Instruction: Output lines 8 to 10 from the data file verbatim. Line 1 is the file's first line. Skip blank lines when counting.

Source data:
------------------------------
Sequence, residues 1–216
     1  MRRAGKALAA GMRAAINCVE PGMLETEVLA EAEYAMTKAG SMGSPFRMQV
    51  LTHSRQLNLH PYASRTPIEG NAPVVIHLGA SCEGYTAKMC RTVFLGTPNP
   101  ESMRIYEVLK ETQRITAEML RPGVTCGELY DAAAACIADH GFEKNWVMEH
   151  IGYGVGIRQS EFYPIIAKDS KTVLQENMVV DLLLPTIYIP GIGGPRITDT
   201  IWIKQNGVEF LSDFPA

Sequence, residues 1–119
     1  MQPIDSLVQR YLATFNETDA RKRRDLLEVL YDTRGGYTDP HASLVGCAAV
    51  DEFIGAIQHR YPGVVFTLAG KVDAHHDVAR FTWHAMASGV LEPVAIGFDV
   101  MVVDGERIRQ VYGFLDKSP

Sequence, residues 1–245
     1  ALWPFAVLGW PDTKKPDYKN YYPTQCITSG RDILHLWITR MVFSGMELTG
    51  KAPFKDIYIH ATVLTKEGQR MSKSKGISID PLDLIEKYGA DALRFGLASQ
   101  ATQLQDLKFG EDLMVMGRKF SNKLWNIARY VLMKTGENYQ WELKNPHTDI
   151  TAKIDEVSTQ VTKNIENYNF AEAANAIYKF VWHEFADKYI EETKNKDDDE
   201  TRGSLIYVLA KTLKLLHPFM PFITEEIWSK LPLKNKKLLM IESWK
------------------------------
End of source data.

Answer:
     1  MQPIDSLVQR YLATFNETDA RKRRDLLEVL YDTRGGYTDP HASLVGCAAV
    51  DEFIGAIQHR YPGVVFTLAG KVDAHHDVAR FTWHAMASGV LEPVAIGFDV
   101  MVVDGERIRQ VYGFLDKSP